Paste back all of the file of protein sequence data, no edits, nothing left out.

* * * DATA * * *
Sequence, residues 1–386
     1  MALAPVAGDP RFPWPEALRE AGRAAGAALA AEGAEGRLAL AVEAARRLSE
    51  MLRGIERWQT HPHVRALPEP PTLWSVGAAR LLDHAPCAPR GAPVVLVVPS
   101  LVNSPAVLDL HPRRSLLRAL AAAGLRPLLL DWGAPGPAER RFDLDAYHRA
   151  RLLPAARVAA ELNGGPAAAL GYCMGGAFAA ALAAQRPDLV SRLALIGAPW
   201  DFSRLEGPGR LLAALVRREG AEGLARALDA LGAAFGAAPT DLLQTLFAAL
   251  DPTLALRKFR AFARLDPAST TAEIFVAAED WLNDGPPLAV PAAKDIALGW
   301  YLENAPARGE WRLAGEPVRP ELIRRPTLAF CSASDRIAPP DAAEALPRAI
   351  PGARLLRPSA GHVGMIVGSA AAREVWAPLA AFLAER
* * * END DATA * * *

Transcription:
Sequence, residues 1–386
     1  MALAPVAGDP RFPWPEALRE AGRAAGAALA AEGAEGRLAL AVEAARRLSE
    51  MLRGIERWQT HPHVRALPEP PTLWSVGAAR LLDHAPCAPR GAPVVLVVPS
   101  LVNSPAVLDL HPRRSLLRAL AAAGLRPLLL DWGAPGPAER RFDLDAYHRA
   151  RLLPAARVAA ELNGGPAAAL GYCMGGAFAA ALAAQRPDLV SRLALIGAPW
   201  DFSRLEGPGR LLAALVRREG AEGLARALDA LGAAFGAAPT DLLQTLFAAL
   251  DPTLALRKFR AFARLDPAST TAEIFVAAED WLNDGPPLAV PAAKDIALGW
   301  YLENAPARGE WRLAGEPVRP ELIRRPTLAF CSASDRIAPP DAAEALPRAI
   351  PGARLLRPSA GHVGMIVGSA AAREVWAPLA AFLAER